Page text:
WASHINGTON — Senate Minority Leader Mitch McConnell of Kentucky was re-elected as Republican leader Wednesday, defeating a challenge from Sen. Rick Scott of Florida that reflects growing anxiety within the party after it underperformed in the midterm elections.
McConnell spokesman David Popp confirmed the secret-ballot victory. Sen. Mike Braun, R-Ind., told reporters that 37 Republicans voted for McConnell, while 10 supported Scott and one voted "present." The vote came after the conference rejected a motion by McConnell's dissenters to delay the leadership election, which 16 Republicans voted for, two sources said.
The McConnell-Scott battle represents a larger clash over the direction and governing vision of the party, with the two men offering conflicting theories about why the GOP failed to win Senate seats in the midterms as Democrats clinched the majority. It is the most serious challenge McConnell has faced for his position after having led the Republican caucus for 15 years.
"I believe it’s time for the Senate Republican Conference to be far more bold and resolute than we have been in the past," Scott, who chaired the GOP Senate campaign arm during the 2022 cycle, said in a letter asking for members' votes Tuesday. "We must start saying what we are for, not just what we are against. I do not believe we can simply continue to say the Democrats are radical, which they are. Republican voters expect and deserve to know our plan to promote and advance conservative values."
McConnell offered a different diagnosis of the Republican losses at his Tuesday news conference, attributing them to poor candidates and chaotic behavior within the party, which he said “frightened” independents and moderate voters.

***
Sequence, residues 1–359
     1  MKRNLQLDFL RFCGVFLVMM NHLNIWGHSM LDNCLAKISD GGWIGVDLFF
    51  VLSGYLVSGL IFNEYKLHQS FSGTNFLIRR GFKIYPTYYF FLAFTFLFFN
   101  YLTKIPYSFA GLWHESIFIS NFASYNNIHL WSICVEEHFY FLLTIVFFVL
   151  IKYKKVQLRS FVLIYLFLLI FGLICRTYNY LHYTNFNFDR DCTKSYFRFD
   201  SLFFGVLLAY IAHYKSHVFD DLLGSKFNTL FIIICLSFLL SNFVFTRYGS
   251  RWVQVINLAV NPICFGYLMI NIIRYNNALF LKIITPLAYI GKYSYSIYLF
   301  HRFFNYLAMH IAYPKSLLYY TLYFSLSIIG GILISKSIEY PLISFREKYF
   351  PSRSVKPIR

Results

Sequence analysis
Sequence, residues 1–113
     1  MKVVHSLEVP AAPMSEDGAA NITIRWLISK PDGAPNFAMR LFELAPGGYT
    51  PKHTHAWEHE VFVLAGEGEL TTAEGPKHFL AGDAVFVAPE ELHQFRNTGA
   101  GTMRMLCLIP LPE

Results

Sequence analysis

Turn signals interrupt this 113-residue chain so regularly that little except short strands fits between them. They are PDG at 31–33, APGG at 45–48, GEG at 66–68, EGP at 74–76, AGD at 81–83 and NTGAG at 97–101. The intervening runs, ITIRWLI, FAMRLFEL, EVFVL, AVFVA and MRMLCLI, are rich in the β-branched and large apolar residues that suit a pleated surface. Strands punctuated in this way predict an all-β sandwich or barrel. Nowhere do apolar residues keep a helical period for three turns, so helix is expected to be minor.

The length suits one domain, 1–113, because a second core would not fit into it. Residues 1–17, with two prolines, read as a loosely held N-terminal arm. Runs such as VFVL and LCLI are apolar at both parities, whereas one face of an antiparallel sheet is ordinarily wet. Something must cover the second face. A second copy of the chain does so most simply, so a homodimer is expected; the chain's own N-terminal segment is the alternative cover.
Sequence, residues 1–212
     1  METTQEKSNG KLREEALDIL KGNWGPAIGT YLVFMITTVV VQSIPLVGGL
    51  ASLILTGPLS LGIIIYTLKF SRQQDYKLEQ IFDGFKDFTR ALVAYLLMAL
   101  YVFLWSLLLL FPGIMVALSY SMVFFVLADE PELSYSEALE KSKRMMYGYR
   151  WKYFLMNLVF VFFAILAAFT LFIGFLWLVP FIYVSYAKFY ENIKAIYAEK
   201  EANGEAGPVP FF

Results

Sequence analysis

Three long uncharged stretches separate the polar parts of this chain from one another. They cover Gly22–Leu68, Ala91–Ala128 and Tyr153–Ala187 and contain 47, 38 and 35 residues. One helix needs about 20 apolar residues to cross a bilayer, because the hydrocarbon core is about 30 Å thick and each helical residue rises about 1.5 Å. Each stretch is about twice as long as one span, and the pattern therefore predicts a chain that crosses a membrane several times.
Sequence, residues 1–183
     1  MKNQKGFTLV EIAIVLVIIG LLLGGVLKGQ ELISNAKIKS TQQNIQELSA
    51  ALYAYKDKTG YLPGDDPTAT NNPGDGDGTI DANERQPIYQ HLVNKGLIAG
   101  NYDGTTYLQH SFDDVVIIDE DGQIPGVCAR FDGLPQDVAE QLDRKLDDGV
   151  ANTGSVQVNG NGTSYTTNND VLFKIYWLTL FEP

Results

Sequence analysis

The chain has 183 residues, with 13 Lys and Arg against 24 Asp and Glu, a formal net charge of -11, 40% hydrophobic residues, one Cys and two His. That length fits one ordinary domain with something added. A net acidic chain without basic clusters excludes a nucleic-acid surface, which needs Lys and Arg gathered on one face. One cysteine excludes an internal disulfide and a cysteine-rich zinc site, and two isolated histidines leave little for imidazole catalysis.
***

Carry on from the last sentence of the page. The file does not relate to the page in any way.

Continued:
“I don’t own this job,” McConnell said Wednesday after the vote. “Anybody who wants to run for it can feel free to do so. So I’m not in any way offended by having an opponent or having a few votes in opposition. I’m pretty proud of 37 to 10.”
McConnell is now on track to become the longest-serving Senate caucus leader in history. Scott chaired the National Republican Senatorial Committee during the 2022 cycle, which ended in disappointment after the party failed to gain the one seat it needed to capture control of the chamber.
Before Wednesday's leadership vote, Braun said he would back Scott because he believes it is time for a change.
“I’m going to vote for something that’s going to change the current dynamic that we’re in,” he said. “That option is represented by Rick Scott currently.”
Scott's challenge rankled some in the Republican caucus, who attribute the 2022 defeats to his handling of the NRSC.
“Rick Scott must really love to lose,” griped a Senate GOP aide.
Scott and McConnell have long feuded over strategy and vision for the Republican caucus. McConnell has long been the subject of ire from former President Donald Trump, who has campaigned aggressively to oust him as leader.
Tensions ran high Wednesday as numerous Republicans had no interest in getting in the middle of the clash. Among them was Tim Scott of South Carolina, who told reporters asking about the leadership contest, "No habla ingles."
In a lengthy closed-door GOP meeting Tuesday, Susan Collins of Maine questioned management of the NRSC's finances.
“I raised some questions on the amount of money that had been raised and allocated in this cycle versus other cycles and — and just question the differences," she said.
Scott said in a statement Wednesday responding to calls for an audit of the NRSC's money practices that the committee "has done an annual independent audit every year since at least 2014" and that he had learned of "hundreds of thousands of dollars in unauthorized and improper bonuses" sent to staff members after the Republicans lost the majority in 2020.
"When that’s your starting point, you work really hard to make sure there are transparent processes and we are more than happy to sit down with any member of the caucus to walk them through our spending," Scott said.
Sen. Steve Daines, R-Mont., who was elected as the new NRSC chair Wednesday, said he hopes for a "strong, lasting majority for the Republicans in 2024."